I agree with the consensus that it was done to simplify the deflection subsystem design for cost reduction. Multisync monitors are considerably more complex (and thus costly) than their fixed-frequency counterparts - things like a better flyback transformer, variable B+ voltage, dynamic width/height adjustments are needed along with some logic to determine which scan rate is being used to electronically switch all those circuits appropriately. The EGA approach with the sync polarities while simple didn't leave much room for growth, it made sense to conceive VGA as a fixed frequency standard by double-scanning lower resolutions for backwards compatibility, keeping the then-costly high resolution monitor as simple as possible, but then the PC performance race took off with ever increasing video resolutions and color depths, so monitor technology had to keep the pace and with better & cheaper technology available fitting a whole microcomputer inside the monitor to determine the resolution by measuring sync rates on the fly and control a bunch of MOSFETs to drive the deflection circuits appropriately while keeping constant picture width/height among all video modes wasn't such a crazy idea anymore, it became to be expected from even the cheapest of monitors. But by then the lower end of the standard had already been set to 31 kHz horizontal by the original VGA standard, so hardly any display manufacturer made displays which could scan lower than that, because why bother when video cards aren't outputting anything lower than 31k?
Another thing to consider is that while we love our thick black spaces between video lines now, back then they were seen as the limitations of raster scan display technology by the general public, being able to see the line structure of images was perceived as a bad thing, reminiscing of interlaced analog television. I believe it is sensible to think that IBM's decision to double-scan on VGA was perceived by them to be an 'improvement' to low resolution imagery. Little did they know we'd be romanticizing low resolution video and its limitations decades later. 😵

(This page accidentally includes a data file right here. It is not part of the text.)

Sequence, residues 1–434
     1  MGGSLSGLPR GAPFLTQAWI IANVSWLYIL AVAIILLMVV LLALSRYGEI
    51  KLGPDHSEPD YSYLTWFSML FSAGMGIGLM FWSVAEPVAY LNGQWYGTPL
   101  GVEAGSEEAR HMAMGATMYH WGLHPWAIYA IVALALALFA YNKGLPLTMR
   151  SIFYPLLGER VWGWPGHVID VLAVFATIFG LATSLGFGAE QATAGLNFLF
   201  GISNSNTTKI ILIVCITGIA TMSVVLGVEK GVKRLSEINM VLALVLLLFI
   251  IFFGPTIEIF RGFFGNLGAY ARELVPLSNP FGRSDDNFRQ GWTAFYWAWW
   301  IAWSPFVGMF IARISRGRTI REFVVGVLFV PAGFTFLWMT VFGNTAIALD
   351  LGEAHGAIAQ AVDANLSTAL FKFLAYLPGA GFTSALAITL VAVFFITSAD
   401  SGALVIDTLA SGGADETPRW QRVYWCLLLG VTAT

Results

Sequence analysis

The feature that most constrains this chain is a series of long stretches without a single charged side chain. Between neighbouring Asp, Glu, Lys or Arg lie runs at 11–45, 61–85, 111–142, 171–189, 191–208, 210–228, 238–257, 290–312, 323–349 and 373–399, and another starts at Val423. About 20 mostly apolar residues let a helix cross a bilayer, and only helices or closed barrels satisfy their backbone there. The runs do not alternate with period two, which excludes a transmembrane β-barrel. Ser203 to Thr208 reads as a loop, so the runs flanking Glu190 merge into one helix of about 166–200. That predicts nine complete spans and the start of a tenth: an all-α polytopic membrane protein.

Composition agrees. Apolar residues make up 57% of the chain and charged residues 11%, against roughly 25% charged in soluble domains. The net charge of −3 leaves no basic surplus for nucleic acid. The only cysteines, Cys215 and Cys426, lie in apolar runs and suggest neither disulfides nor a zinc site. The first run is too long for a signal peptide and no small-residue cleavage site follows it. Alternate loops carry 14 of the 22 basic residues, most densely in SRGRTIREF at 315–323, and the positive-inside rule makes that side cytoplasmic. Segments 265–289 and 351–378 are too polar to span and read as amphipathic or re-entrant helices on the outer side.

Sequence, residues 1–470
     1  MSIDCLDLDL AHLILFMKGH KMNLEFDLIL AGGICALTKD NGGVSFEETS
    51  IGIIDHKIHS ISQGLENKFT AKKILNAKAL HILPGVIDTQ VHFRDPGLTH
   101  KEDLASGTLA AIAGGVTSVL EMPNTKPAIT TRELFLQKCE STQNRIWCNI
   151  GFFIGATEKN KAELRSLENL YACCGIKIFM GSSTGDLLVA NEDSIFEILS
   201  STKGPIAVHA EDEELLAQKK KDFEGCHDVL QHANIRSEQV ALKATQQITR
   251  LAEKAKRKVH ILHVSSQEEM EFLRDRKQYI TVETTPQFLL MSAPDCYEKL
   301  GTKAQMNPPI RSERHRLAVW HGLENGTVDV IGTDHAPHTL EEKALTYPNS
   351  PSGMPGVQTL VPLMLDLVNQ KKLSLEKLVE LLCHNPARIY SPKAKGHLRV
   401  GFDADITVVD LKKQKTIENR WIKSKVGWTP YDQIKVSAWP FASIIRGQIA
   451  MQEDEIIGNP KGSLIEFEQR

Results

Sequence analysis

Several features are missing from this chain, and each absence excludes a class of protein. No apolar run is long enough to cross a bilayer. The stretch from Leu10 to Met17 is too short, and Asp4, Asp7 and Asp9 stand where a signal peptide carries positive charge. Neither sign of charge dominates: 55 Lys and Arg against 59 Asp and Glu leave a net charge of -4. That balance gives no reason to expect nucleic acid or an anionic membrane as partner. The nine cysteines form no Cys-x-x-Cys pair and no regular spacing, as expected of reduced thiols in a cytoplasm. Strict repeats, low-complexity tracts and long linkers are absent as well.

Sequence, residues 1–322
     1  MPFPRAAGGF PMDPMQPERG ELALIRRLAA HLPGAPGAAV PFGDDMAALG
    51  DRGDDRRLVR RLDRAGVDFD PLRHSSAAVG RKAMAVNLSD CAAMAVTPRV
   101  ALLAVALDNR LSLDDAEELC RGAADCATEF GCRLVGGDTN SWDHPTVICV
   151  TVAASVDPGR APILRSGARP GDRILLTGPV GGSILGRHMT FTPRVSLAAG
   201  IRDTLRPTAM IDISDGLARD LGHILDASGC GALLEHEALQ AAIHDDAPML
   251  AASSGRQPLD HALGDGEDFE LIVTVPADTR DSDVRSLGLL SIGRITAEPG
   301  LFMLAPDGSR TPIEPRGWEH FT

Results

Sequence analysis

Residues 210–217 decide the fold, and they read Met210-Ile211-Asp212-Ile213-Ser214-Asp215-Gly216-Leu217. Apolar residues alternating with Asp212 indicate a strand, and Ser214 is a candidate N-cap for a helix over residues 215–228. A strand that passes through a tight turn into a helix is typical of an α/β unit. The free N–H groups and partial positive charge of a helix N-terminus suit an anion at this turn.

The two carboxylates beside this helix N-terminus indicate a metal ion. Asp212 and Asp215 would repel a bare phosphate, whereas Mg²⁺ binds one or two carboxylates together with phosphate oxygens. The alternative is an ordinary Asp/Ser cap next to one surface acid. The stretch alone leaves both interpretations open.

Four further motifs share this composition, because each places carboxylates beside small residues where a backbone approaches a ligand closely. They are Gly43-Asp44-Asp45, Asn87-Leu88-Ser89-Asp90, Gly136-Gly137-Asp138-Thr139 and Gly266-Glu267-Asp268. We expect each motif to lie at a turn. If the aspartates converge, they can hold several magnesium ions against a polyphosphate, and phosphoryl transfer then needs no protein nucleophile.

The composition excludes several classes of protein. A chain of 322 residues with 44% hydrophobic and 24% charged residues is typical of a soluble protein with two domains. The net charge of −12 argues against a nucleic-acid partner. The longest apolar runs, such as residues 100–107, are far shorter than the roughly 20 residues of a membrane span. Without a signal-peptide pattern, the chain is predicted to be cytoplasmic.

With that said, if there are parallel universes, and in one of them IBM developed a VGA standard that kept backwards compatibility with MDA/CGA/EGA modes in their original sync timings, requiring the need for a more complex tri-sync monitor at the start (like some Japanese computer manufacturers actually did for their domestic market), but therefore setting the lower horizontal scan range to 15kHz for every multisync PC display ever made after that... I'd totally give everything to live in that universe. 🤣
Sorry, I forgot about this. Is this really still an issue today ?
I thought cheap multi-norm TVs literally flooded the markets all around the world. 😳
Unfortunately it is. Cheap multi-standard TVs came to the market way too late in the American continent, very close to the decline of CRT as a television display technology. SCART is non-existent in America and even some PAL territories (like the developing parts of Asia), we had to make do with composite, with S-Video being a high end luxury, and component video appearing way too late to make any real difference, and on top of that most TVs in NTSC-land without V-hold knobs won't sync to 50 Hz video nor display color in anything other than NTSC, even high end brands/models made way into the early-mid-2000s won't sync to anything other than 60 Hz NTSC - I have a high end 34" Panasonic CRT and have used similar Sony WEGAs and XBRs for the American market and they always display a rolling B&W picture when fed PAL/50Hz video, it's like they're done that way on purpose, for market segmentation or who knows what. Ironically the crappy cheap Chinese-made CRT TVs that flooded supermarkets a decade ago were much better on the multi-standard front, most of them having no problem with PAL-50 video at all while the 'real' 'quality' brands kept on rolling in B&W, but cheap or expensive you were still stuck with composite or S-Video at most. No RGB input on consumer sets, ever, and component started appearing too close to the demise of CRT so it saw very little use during its day, most non tech savvy people made the jump from composite on CRT directly to HDMI on LCD/Plasma.
If you want RGB perfection and/or enjoy some 50Hz games/demos the way they were intended to here in NTSC-land, you're in for quite the challenge.